1925 Serum Run to Nome: The Incredible Story of How the Remote Alaskan Town was Rescued from an Epidemic

 In the winter of 1925, a small Alaskan city called Noam, located on the edge of the Arctic Circle, found itself on the brink of an unimaginable crisis. An outbreak of diphtheria threatened to wipe out the entire community of 1,400. Nome's lone physician, Curtis Welch, feared that if the infection spread, it could threaten more than 10,000 people in surrounding communities. A large number of these were natives, who had no resistance to the disease.

To make matters worse, Drs. Welch's stock of diphtheria toxin had expired several months earlier. Welch had already placed an order, but the shipment was delayed and now the port was closed due to snow in the winter. This meant that Drs. Welch will have to wait until the ice melts.

Huskies pulling dog sleds.

Its outbreak began in December 1924, when Welch noticed what he thought were cases of tonsillitis. But when the number of cases increased and children started leaving the dead, they feared the most.

Diphtheria is a very contagious disease caused by the bacterium Corynebacterium diphtheria. Bacteria attack the respiratory system, destroying healthy tissues there. Dead tissue forms a thick leather coating in the throat and nose that makes it difficult to breathe. If left untreated, a patient may die asphyxia. Diphtheria is usually fatal in children. During 1920, one hundred to two hundred thousand people were infected every year in the United States, with fifteen thousand deaths, most of them children.

Fortunately, there was a cure available - an antitoxin, made from the serum of immune animals that contained antibodies that could neutralize the toxin produced by bacteria. German doctor Emil von Behring, who discovered antitoxin at the end of the 19th century, won the first Nobel Prize for Medicine in 1901 for his work. But Welch had run out of this life-saving drug. The serum would have to be brought from more than a thousand miles away from the mainland US.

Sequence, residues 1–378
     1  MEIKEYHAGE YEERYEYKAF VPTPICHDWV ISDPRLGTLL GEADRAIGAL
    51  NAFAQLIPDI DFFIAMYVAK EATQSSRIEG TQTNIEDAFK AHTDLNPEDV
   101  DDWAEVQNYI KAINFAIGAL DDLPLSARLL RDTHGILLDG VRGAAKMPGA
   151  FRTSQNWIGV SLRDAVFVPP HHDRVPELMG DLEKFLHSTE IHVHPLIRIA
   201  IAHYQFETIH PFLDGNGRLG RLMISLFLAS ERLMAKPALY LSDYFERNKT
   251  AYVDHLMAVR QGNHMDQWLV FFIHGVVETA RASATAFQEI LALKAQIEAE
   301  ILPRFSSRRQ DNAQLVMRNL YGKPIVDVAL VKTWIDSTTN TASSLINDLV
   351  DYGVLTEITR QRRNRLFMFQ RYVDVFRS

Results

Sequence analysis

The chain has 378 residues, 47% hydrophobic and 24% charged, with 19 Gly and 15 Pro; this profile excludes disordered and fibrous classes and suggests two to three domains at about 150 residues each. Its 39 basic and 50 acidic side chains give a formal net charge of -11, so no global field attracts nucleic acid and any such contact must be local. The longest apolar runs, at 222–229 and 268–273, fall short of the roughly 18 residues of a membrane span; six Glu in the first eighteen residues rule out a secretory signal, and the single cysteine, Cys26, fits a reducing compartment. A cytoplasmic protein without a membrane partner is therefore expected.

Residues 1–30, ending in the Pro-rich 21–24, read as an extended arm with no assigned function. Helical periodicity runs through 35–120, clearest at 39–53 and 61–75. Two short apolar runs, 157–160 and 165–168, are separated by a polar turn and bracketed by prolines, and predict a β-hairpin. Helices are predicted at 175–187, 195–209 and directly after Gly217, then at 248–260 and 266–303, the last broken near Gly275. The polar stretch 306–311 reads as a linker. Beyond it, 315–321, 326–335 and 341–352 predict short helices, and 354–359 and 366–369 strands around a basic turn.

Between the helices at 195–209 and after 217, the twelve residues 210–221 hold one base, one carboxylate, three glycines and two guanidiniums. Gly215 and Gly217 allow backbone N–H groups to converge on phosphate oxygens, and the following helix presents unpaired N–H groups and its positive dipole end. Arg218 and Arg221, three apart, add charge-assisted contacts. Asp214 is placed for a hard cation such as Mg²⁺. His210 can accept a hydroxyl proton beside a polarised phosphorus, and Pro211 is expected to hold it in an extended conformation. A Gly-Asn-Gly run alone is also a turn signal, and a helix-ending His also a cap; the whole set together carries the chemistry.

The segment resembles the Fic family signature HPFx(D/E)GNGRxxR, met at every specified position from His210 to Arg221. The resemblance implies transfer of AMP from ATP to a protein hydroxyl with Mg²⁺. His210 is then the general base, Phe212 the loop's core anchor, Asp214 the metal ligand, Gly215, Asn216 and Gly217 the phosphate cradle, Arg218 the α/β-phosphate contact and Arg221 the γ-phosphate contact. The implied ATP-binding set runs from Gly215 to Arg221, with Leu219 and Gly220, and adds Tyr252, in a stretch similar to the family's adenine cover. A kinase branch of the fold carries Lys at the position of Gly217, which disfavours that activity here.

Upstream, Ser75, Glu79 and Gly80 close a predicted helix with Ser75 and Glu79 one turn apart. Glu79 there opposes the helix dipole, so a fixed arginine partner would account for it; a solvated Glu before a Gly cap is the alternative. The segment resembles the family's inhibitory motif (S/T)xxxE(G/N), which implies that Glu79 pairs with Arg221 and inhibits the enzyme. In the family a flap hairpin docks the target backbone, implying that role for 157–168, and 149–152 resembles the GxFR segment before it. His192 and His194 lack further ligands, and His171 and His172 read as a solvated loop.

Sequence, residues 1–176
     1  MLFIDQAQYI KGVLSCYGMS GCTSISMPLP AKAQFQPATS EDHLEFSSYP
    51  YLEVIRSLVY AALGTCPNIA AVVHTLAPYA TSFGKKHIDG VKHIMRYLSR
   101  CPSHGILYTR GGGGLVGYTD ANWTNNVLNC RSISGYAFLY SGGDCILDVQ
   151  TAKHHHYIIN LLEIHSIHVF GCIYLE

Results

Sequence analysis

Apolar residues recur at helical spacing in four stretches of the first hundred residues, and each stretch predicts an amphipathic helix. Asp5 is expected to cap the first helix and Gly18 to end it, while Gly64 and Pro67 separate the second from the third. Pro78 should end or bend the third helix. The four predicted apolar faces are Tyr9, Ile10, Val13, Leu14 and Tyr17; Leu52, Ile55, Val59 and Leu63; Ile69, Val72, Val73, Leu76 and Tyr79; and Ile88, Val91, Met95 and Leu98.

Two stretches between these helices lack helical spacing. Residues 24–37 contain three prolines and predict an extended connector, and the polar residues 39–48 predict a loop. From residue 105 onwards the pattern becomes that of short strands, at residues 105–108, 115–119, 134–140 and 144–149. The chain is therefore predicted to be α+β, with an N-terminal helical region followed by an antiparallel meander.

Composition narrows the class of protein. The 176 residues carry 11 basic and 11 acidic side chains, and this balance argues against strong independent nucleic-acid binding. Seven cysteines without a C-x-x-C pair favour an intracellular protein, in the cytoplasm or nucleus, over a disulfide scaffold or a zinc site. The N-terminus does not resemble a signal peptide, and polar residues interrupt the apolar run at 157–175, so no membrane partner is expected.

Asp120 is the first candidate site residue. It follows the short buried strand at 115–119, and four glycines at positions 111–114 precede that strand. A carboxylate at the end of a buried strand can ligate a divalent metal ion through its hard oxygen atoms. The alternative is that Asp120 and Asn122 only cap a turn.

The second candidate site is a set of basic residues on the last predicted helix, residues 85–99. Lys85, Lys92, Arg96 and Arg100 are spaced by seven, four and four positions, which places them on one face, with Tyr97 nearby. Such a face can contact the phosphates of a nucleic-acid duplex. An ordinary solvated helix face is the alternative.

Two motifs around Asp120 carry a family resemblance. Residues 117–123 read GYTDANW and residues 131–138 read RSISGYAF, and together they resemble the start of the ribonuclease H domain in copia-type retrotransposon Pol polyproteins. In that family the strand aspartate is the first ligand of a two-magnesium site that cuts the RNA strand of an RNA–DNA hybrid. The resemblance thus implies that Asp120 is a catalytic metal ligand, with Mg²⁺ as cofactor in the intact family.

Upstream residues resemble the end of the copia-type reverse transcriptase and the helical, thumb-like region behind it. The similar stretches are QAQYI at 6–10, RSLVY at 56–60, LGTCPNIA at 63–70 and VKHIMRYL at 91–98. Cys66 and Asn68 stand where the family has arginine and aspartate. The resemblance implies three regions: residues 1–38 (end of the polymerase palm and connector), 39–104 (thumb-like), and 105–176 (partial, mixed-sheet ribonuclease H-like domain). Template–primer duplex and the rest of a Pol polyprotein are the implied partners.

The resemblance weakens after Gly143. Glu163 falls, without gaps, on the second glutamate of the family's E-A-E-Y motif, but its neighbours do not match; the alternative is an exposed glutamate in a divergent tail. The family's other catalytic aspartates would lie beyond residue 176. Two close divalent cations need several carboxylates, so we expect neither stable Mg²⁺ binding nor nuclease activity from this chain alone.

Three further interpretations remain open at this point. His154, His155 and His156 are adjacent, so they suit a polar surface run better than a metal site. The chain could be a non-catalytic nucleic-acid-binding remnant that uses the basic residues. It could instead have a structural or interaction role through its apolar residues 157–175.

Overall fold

The town of Nome in 1916.

Welch sent an urgent telegram to the US Public Health Service in Washington asking for help, asking for 1 million units of antioxidants.

The Board of Health held an emergency meeting, and discussed possible means of delivering antitoxin. An aircraft was refused to fly, because flights during the winter were risky. The US Post Office tried to fly some at Post20 ° C, but the longest they could travel was only 260 miles (420 km), and many of them crashed. Eventually, it was decided that shipments of 1.1 million units of serum would be shipped from Seattle to Seward, a journey that would take 6 to 7 days. From Seward the vials will be sent by rail to Nana and finally to Nem, which is 674 miles (1,085 km) by dogs.

By a happy chance, the Anchorage Railroad Hospital discovered 300,000 units in their stock. This supply was carefully packed into a metallic cylinder and rushed to Nenana. These 300,000 units would hold the epidemic at bay until the larger shipment arrived.

The US Post Office recruited their best sled-dog teams, a total of twenty, and positioned them along the route. The entire route ordinarily took the postal service 25 days to cover, but Dr. Welch couldn’t wait that long, because the serum lasted only six days. The dogs would have to complete the journey in less than a quarter of the normal time.

The 20-pound package of serum arrived at Nenana on the night of January 27, 1925. That same night, the first musher William "Wild Bill" Shannon secured the precious cargo onto his sled, and left with his team of eleven dogs. The winter was unusually harsh that year, with temperatures dropping to nearly −50 °C. Shannon led his dogs over the frozen river, while he himself ran alongside to keep his body warm. He still developed hypothermia and by the time he had completed his 52-mile leg, parts of his face was black from frostbite. He lost three dogs on the way.

A modern view of Nome.

Edgar Cland received the package from Shannon in Tolovana, and immediately went into the woods. He made the Manley Hot Springs 31 miles without incident, except that his hands were frozen above the handlebar of the sled and had to be freed by pouring hot water. From Manali Hot Springs, Serum passed through several hands before reaching the Bishop Mountains. The next mouser Edgar Nolner went into the icy fog, but hastily forgot to cover the vulnerable areas of his two leading dogs. Both dogs collapsed with frostbite, forcing Noller to pull the sled. By the time he arrived, both of his major dogs were dead.